Honesty really is the best policy
“Do you solemnly swear to tell the truth, the whole truth, and nothing but the truth, so help you God?”
How many times have we heard those words, either on television or in a real-life courtroom? Is it acceptable before God to swear such an oath?
Jesus said, “You have heard that it was said to those of old, ‘You shall not swear falsely, but shall perform your oaths to the Lord.’ But I say to you, do not swear at all. But let your ‘Yes’ be ‘Yes,’ and your ‘No,’ ‘No.’” (Matthew 5:33-37).
In New Testament times the truthfulness of an individual’s statement often depended on his oath. If he swore by the temple in Jerusalem, he was not as bound to the truth as if he swore by the gold of the temple.
At least not in the eyes of the legalistic religious leaders. Jesus was not condemning anyone for affirming his truthfulness in court under the penalty of perjury to satisfy the governing authorities. Rather, He was urging His followers to be so truthful in their daily interactions with others that no oath would be necessary. Their “yes” or “no” should stand on its own.
Has anyone ever questioned your honesty?
A few weeks ago I related the account of my job as a “porter” with a department store in Texas during my training for the ministry. After I left that job, I applied for one at another department store. This job, while low-paying, would carry a little more responsibility. The interview went well at first. I was dismayed, however, to learn that I must pass a polygraph (lie detector) test before they could hire me. I had nothing to hide, but I did not relish being hooked up to a machine that might just tell a lie about me. Nevertheless, I submitted.
The testing took place on the seventh floor of an old office building in downtown Ft. Worth with seasoned professionals administering it. I was nervous when I left the house. I was more nervous driving downtown. My jitters increased with each floor the slow, creaky elevator passed on the way up. By the time Mr. and Mrs. Cameron ushered me into the examining room, I was ready to confess to the Lindberg kidnapping and the Jimmy Hoffa murder. According to Proverbs, “The wicked flee when no one pursues.” I was innocent but desperately wanted to flee.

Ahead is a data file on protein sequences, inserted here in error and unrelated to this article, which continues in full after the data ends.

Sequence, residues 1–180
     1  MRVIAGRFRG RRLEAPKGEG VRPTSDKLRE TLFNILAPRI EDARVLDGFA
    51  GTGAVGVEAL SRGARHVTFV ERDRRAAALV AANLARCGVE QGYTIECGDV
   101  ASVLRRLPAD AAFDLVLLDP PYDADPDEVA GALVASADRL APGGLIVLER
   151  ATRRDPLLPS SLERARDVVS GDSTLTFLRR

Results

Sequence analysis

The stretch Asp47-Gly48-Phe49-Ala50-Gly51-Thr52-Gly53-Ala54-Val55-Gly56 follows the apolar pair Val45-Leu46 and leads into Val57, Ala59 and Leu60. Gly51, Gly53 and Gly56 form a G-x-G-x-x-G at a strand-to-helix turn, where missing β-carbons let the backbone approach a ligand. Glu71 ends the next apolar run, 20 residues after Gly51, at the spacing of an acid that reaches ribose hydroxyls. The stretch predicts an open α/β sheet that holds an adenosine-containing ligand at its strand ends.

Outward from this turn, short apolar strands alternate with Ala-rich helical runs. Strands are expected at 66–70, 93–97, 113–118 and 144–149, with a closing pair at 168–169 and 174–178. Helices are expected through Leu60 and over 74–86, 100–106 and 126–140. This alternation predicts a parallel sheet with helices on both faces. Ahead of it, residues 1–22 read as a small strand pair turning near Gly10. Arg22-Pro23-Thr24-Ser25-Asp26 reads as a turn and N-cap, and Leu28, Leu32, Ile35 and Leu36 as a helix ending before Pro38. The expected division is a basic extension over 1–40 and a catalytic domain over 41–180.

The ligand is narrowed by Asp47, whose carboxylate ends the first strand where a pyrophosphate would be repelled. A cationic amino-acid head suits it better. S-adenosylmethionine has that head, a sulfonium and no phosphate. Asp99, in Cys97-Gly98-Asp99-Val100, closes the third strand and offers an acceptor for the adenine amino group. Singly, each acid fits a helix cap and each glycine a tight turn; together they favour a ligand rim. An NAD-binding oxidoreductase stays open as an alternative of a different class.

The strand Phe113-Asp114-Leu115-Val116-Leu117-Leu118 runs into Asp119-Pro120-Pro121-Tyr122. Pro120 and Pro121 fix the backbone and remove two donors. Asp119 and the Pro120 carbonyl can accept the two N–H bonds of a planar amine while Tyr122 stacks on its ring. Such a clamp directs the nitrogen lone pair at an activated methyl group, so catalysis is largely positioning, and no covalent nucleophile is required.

The polygraph contraption had needles and pens to mark a rolling strip of paper in accordance with my pulse, breathing, etc. I would be tethered to this monstrosity with leather straps and electrodes.
“Why do you think you are taking this test?” Mrs. Cameron asked. My dry mouth could not even utter a reply. “It’s not to catch you in a lie,” Mr. Cameron assured me, “but to determine if you are a truthful person.” Their manner was warm and gracious. Mr. Cameron reviewed the questions with me before he ever hooked me up to the machine. He even rephrased a couple of the questions to remove any doubts I might have had about my accuracy in answering. Nevertheless, “all have sinned and come short of the glory of God.” So I felt guilty with every answer; I could feel my heart skip a beat, my blood pressure rise, my skin get clammy. I was a nervous wreck! Here I was telling the truth, and this stupid machine was going to brand me a liar!
“Well, Mr. Horner, you passed,” Mr. Cameron announced before they even set me free from the device. I left surprised, relieved, and drained.
I promptly turned down the job.
Somehow I didn’t want to work for those who could not trust me without polygraph proof. Two weeks later I applied for a job with a sign manufacturer. The interviewer informed me that they too required a polygraph test but that I, being a ministerial student, would not have to take one.
They trusted me! They paid a higher wage, too.
I went to work for them.
“He who walks with integrity walks securely, but he who perverts his ways will become known” (Proverbs 10:9).